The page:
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Kelowna  

Kelowna RCMP drop 40 per cent of sexual assault cases

Mayor confident in RCMP

UPDATE: 12:30 p.m.

Kelowna Mayor Colin Basran has spoken with RCMP Supt. Brent Mundle about recent statistics revealing the number of sexual assault cases being dropped in the city.

"I'm satisfied that our RCMP officers investigating these files are doing the best they can with the resources they have," said Basran.

But, with information revealing that 40 per cent of sexual assault Level 1 cases have been dropped over the last two years, Basran believes it is a serious issue and that RCMP can do better.

"We're always looking to improve – but I don't believe the public is at risk or that these files are not being taken seriously. I think quite the opposite," said Basran.

"I think the RCMP is taking them seriously, investigating appropriately, and they can always be better.... This is a serious issue, and it needs to be treated as such."

The Elizabeth Fry Society believes the RCMP would benefit from a specialized unit in Kelowna, but it is not yet known if that will happen in the future.


ORIGINAL: 9:36 a.m.

"It's appalling and very disappointing, but it's not surprising," Michelle Novakowski with the Elizabeth Fry Society says of the number of sexual assault cases deemed "unfounded" in Kelowna.

Data collected from StatsCan shows the ratio of sex assault cases either dropped or deemed unfounded in Kelowna over the last two years is a whopping 40 per cent.

In 2018 alone, there were 88 sexual assault Level 1 incidents reported to Kelowna RCMP, and 35 of those incidents were deemed unfounded.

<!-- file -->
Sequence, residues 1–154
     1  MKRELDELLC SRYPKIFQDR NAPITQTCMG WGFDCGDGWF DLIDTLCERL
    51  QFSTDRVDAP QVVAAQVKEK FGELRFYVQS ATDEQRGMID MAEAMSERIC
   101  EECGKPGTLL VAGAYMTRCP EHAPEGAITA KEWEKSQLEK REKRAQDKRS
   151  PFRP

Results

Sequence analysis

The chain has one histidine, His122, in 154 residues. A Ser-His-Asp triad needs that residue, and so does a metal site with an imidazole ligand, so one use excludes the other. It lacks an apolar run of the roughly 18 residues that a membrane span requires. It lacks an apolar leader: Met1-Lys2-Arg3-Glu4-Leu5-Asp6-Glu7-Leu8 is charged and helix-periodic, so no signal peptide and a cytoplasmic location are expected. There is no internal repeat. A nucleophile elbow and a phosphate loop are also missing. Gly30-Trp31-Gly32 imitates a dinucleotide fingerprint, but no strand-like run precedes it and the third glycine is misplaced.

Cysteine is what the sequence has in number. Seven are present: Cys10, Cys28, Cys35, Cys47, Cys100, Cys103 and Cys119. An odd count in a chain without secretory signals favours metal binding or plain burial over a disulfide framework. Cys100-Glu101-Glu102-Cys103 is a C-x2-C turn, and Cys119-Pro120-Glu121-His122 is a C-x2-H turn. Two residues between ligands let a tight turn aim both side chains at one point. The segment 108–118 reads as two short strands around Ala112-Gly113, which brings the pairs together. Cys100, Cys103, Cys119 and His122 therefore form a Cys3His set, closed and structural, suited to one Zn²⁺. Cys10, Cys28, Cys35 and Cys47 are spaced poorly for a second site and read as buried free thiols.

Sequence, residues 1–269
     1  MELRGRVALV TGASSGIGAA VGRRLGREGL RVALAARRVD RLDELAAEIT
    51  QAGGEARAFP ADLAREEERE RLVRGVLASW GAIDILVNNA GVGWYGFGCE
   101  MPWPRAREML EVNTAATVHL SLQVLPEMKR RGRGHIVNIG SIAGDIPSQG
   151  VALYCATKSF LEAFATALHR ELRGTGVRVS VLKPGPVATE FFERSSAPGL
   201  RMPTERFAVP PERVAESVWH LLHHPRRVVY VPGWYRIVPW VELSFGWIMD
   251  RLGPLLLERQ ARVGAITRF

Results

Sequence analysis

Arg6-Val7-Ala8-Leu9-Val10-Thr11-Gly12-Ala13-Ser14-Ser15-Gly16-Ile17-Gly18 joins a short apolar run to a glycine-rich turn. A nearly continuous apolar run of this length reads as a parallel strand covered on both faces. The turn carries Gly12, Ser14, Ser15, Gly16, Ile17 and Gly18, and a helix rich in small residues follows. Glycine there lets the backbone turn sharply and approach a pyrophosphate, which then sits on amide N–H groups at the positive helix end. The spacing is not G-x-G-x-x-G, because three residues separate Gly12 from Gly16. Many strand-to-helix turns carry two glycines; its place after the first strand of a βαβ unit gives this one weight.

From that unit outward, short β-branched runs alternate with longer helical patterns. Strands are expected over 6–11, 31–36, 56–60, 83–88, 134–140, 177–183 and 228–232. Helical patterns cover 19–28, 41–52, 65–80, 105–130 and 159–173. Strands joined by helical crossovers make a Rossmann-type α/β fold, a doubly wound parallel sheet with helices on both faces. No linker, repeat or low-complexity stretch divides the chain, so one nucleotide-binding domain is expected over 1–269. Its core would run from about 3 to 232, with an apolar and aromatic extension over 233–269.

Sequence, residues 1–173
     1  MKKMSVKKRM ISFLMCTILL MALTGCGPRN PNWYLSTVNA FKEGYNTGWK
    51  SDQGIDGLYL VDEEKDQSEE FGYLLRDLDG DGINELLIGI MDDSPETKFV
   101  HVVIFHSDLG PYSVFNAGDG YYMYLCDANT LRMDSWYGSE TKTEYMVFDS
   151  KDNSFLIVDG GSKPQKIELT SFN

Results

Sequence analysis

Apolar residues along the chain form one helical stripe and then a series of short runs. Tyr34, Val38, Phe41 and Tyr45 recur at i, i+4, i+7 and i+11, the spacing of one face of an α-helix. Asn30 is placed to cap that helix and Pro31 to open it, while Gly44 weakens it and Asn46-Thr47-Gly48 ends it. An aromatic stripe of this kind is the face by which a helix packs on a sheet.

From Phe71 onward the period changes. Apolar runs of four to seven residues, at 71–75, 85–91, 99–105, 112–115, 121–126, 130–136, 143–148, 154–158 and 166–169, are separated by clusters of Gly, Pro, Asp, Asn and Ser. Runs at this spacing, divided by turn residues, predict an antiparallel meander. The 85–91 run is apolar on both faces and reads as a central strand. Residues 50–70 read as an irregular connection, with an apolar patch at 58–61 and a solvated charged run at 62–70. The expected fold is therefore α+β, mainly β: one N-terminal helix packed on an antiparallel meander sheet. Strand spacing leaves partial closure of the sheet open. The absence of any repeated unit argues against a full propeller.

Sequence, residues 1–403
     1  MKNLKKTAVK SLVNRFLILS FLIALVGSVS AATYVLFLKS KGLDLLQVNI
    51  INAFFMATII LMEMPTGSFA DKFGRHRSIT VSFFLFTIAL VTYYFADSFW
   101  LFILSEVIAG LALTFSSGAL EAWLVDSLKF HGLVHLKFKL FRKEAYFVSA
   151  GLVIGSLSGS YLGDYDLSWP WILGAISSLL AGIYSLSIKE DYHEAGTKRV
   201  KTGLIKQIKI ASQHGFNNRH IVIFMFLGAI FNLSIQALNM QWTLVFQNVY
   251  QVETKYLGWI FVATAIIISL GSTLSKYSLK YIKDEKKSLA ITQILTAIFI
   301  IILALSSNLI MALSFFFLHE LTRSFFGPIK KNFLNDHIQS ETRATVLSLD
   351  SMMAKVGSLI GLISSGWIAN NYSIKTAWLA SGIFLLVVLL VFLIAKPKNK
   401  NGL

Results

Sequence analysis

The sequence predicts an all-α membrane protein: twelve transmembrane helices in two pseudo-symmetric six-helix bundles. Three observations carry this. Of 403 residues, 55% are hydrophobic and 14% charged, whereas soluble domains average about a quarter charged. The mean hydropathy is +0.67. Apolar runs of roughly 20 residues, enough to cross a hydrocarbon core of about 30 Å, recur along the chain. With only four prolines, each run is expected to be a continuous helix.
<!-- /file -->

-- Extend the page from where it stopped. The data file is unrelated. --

The results dwarf the provincial average of 15 per cent unfounded cases.

"There's a lot of victim blaming – 'she shouldn't have been in that place, or she shouldn't have been drinking.' Police agencies are part of society, and although we hold them to a higher standard, they still reflect those public beliefs," says Novakowski.

She says there is a need for better police training when it comes to sexual assaults.

"We have been working with the RCMP for the past couple of years. We put together a training plan and resources, and we've done three sets of training with RCMP members and with school district staff as well."

The training focuses on sensitive handling of sexual abuse disclosures. 

"I think we're on the road to making some changes but theres still work to be done," said Novakowski.

"The reality is that under 10 per cent of sexual assaults are ever reported to police across Canada, so this is a small number that they're seeing."

Sexual assault and rape cases are often hard to prove due to a lack of witnesses or evidence. Novakowski believes Kelowna would benefit from a specialized unit such as those in larger cities.

The Elizabeth Fry Society is launching Speak Out, a campaign focused on supporting survivors. 

"We want to raise awareness for sexual and domestic violence and people involved to learn how they can help and not be a bystander," said Novakowski. 

The campaign will launch Nov. 1. More information is available, here.



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